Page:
Britons transition to DC, step by painful step

Imagine if participants in doomed defined benefit plans could move their accrued benefits to a defined contribution plan. That seems to be what's happening in the UK as the country shifts to an all-DC, auto-enrolled pension culture.

The U.K. government has decided to continue to allow participants in certain defined benefit plans to transfer assets to defined contribution plans, after establishing that the volume of transfers would probably be too small to impact DB plan funding or the bond market, reported.

The government said it could change its mind if the transfers become “burdensome.” Retirees who are receiving DB pensions won’t be able to transfer assets to a DC plan. 

The asset transfers became an issue a few months ago after Chancellor of the Exchequer George Osborne announced that no DC participant would ever have to buy an annuity with their tax-deferred assets after they retire.

Suddenly there was an incentive for DB participants to transfer money to DC plans, and fears immediately arose that DB plans would have to liquidate large amounts of bonds to finance the transfers. The government reacted by barring transfers from unfunded public sector DB schemes, and launched a study to decide whether to bar transfers from funded public sector plans and private sector plans.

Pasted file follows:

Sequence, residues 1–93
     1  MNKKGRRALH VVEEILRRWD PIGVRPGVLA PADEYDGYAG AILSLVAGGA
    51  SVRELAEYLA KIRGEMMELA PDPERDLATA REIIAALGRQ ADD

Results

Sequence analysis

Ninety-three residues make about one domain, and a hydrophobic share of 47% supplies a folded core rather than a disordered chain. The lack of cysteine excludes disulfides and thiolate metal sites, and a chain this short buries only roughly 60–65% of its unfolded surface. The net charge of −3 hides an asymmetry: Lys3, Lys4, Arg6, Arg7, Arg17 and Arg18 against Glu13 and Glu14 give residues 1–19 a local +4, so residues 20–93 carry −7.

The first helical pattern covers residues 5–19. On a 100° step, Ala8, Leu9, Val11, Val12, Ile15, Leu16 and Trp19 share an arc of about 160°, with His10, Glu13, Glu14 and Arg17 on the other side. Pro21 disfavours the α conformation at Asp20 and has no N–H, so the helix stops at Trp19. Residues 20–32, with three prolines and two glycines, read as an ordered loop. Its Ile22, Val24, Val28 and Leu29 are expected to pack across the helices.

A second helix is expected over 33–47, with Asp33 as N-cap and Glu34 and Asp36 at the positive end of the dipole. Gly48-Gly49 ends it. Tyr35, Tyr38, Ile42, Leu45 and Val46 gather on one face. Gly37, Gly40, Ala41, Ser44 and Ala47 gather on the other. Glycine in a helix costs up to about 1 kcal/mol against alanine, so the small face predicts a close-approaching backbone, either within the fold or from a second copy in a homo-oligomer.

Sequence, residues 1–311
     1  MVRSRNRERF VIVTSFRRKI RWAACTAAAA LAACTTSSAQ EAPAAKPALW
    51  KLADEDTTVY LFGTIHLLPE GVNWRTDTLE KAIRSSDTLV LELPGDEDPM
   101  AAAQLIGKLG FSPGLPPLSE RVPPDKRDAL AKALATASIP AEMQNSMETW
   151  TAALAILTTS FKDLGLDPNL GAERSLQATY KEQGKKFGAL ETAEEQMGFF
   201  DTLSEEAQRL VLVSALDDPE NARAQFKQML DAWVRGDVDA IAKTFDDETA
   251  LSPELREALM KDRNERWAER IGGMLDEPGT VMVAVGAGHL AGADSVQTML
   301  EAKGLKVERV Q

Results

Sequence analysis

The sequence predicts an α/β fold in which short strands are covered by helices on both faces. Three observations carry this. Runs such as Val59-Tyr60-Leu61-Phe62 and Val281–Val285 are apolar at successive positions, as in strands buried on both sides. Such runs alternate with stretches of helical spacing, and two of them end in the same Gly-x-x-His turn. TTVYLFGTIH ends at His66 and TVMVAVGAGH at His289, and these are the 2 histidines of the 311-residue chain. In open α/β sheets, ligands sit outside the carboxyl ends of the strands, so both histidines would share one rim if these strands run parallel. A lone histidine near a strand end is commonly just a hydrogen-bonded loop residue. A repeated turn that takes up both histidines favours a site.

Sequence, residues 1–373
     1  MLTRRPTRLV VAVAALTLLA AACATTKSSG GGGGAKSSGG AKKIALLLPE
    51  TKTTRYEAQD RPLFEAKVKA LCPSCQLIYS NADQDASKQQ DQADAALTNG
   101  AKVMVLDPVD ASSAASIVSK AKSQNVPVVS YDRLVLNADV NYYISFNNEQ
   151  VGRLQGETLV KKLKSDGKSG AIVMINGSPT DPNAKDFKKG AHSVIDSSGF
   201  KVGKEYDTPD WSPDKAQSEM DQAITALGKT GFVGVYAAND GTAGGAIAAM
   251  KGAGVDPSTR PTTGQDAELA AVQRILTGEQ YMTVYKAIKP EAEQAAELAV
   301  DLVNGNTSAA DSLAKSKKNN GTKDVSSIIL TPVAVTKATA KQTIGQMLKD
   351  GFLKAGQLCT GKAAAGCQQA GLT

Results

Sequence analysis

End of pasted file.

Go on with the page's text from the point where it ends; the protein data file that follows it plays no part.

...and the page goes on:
After discussions with industry groups and actuaries, those fears were determined to be unjustified. It was decided that funds could handle the cash flows. Transfers were expected to be would be uncommon and the growing demand for group or “bulk” annuities was expected to maintain demand for bonds.

In line with industry suggestions, the government will make independent financial advice for DB to DC transfers mandatory, with the cost borne by the participant in cases where the participant requests the transfer.

Transfers will be allowed in corporate DB plans and funded local government pension plans. In a statement, Osborne said the flexibility for DB schemes would, “at the margins,” require greater liquidity in plans.

The chancellor also said, despite the unlikelihood that transfers will destabilize schemes, trustees would be given more guidance on how to maintain sustainability within schemes, such as delaying transfers and reducing transfer values in ratio to underfunding.

A new consultation will now begin on giving DB members the right to transfer directly out of their plans, without having to go via a DC platform, something not currently possible.

The chancellor also confirmed the government’s commitment to at-retirement flexibility reforms for DC savers, and said consultation respondents were overwhelmingly in favor of the legislation and for it be in place by April 2015.

© 2014 RIJ Publishing LLC. All rights reserved.